Krauthammer frets about the danger of lost “credibility” over Syria:

Instead he’s backed himself into a corner: be forced into a war he is firmly resolved to avoid, or lose credibility, which for a superpower on whose word [bold mine-DL] relies the safety of a dozen allies is not just embarrassing but dangerous.

Considering how often hard-liners mock Obama for his overconfidence in the power of rhetoric, some of them invest presidential statements with an incredible amount of significance. The truth is that the safety of “a dozen allies” and more depends on the treaty commitments that the U.S. made decades ago, and it also depends on the ability of U.S. and allied militaries to deter attack. Vaguely-worded statements on developments in Syria’s civil war don’t undermine those commitments or make that deterrent any less effective. The only people that take this claim seriously are hawks that want to goad the administration into making an easily avoidable blunder. Nothing would look more ridiculous to the rest of the world than being hectored into an unnecessary war by jingoistic columnists.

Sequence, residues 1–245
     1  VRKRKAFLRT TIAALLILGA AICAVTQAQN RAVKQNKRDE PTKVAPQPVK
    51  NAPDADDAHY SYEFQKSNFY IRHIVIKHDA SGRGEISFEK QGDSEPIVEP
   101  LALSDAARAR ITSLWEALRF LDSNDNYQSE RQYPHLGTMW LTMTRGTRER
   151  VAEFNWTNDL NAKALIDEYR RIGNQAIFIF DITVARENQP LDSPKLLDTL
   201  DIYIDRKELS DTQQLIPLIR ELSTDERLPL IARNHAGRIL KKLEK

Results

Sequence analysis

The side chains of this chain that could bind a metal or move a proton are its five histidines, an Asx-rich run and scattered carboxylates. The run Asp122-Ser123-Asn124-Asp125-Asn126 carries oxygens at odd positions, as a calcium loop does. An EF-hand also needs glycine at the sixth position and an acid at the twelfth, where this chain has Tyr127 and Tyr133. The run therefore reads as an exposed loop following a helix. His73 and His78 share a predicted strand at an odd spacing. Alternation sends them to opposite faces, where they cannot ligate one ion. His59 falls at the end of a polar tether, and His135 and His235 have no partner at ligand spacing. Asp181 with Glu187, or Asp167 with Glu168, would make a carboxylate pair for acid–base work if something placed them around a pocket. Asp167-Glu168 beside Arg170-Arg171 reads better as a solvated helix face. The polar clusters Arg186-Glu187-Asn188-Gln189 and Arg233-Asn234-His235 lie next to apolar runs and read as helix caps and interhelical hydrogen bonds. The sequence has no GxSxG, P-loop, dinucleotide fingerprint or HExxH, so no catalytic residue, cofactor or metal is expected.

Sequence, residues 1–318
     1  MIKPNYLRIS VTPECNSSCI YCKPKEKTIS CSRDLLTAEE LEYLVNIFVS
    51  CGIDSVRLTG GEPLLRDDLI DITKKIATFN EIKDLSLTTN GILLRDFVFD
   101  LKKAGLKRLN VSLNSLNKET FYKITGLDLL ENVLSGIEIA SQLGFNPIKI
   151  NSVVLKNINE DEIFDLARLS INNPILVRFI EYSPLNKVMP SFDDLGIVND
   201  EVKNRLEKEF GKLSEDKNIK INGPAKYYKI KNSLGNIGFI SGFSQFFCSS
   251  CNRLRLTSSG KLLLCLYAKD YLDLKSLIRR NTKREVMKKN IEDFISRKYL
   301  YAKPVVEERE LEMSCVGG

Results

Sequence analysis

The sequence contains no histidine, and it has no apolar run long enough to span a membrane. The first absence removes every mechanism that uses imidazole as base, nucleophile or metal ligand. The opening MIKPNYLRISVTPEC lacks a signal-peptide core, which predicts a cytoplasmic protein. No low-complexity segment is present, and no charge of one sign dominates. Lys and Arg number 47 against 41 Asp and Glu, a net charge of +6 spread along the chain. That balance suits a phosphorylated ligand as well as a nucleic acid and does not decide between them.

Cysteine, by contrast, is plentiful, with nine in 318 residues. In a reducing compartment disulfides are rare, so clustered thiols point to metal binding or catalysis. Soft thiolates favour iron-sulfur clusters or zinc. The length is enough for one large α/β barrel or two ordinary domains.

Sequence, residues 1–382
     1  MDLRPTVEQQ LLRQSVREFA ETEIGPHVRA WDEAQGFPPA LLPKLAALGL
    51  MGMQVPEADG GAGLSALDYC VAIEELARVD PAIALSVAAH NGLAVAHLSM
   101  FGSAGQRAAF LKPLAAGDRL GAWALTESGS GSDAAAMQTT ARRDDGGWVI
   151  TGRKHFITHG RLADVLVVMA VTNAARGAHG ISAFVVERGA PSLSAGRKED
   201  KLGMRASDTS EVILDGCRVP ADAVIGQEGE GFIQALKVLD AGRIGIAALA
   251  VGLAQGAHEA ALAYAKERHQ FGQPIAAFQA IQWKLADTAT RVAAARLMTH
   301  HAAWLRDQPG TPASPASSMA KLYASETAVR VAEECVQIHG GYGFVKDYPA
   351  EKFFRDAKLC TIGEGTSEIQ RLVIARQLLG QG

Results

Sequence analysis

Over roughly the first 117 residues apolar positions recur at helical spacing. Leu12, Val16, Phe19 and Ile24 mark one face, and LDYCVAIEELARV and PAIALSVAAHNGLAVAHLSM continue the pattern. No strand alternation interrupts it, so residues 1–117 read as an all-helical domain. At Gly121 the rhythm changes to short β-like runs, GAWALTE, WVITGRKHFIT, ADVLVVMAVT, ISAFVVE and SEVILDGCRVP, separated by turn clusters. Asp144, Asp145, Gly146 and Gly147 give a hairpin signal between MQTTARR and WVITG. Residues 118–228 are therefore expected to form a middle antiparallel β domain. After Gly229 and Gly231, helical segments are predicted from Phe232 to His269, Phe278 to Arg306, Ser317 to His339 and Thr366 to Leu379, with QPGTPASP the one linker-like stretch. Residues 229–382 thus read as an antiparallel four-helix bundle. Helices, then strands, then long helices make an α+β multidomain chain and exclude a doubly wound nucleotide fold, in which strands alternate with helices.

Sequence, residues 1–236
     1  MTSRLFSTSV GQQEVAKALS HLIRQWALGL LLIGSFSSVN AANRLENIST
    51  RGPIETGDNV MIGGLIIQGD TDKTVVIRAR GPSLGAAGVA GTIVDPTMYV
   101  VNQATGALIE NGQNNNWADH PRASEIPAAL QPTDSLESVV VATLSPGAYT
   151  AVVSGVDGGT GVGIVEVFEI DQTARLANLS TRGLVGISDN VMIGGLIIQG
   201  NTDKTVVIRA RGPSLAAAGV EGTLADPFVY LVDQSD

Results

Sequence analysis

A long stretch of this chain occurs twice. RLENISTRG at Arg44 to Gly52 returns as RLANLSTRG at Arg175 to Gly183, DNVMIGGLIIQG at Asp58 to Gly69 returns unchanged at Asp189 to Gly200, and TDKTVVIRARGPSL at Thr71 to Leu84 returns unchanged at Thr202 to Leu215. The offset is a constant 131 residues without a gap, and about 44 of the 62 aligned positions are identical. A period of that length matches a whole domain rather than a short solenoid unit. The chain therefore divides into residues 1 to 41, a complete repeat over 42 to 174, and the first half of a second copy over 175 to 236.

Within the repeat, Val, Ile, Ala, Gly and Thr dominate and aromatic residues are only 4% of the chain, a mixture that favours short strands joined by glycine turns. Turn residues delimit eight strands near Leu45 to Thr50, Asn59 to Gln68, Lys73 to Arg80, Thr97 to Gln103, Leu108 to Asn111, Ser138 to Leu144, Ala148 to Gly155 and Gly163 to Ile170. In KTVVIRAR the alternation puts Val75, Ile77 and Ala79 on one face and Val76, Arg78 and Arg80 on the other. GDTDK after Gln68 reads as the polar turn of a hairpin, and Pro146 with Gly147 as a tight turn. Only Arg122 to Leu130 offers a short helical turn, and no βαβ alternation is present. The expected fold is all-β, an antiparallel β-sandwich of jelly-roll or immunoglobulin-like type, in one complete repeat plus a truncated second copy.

As Zakaria pointed out yesterday, scholarship on the subject has found that the standard argument about the dangers of losing credibility isn’t supported by the evidence:

Political scientists have studied the subject of credibility extensively. In “Calculating Credibility,” Daryl Press looks at the 1930s and the Cold War, periods when leaders felt the need to follow through on tough rhetoric for fear of losing face. Press concluded that “The evidence in this book suggests that the blood and wealth spent to maintain a country’s record for keeping commitments are wasted: when push comes to shove, credibility is assessed on the basis of the current interests at stake and the balance of power, not on the basis of past sacrifices. . . . Leaders understand that no two crises are sufficiently alike to be confident that past actions are a reliable guide to the future.”

Like possible chemical weapons use, warning about lost “credibility” is just a pretext to cajole the administration into doing what Syria hawks have wanted to do all along. It would be wise to dismiss it as such. Plunging the U.S. into another war to follow through on a vague threat would not reassure allies or deter enemies. It would broadcast to the entire world that our government has no idea what it’s doing abroad and cannot resist the lure of new conflicts. Following through on tough rhetoric by taking foolish, avoidable military action wouldn’t make other governments take the U.S. more seriously, but would almost certainly invite mockery and scorn.